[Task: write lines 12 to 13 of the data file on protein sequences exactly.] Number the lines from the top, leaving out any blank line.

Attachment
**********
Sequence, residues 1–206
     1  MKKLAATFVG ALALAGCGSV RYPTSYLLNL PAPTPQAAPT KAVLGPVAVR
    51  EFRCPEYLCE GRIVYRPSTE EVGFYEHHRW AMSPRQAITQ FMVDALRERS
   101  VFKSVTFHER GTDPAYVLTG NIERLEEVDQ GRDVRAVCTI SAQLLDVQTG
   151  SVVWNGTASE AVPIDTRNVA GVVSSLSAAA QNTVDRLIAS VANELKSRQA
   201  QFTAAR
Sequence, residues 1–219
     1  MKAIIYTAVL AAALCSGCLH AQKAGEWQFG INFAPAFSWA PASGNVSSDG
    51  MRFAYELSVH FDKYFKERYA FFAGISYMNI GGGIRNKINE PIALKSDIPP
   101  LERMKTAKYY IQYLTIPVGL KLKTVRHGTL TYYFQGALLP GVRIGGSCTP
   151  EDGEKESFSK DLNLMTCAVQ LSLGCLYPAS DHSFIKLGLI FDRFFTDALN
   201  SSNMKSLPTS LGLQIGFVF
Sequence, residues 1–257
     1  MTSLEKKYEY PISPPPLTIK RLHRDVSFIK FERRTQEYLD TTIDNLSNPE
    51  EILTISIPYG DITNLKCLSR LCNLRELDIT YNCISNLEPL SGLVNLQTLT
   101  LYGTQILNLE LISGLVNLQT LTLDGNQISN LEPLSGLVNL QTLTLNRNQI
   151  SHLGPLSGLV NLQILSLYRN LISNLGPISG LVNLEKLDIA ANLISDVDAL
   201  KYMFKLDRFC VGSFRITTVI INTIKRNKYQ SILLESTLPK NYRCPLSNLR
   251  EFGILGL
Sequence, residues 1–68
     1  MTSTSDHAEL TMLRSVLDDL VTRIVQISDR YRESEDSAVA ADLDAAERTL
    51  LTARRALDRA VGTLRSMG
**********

   201  SSNMKSLPTS LGLQIGFVF
Sequence, residues 1–257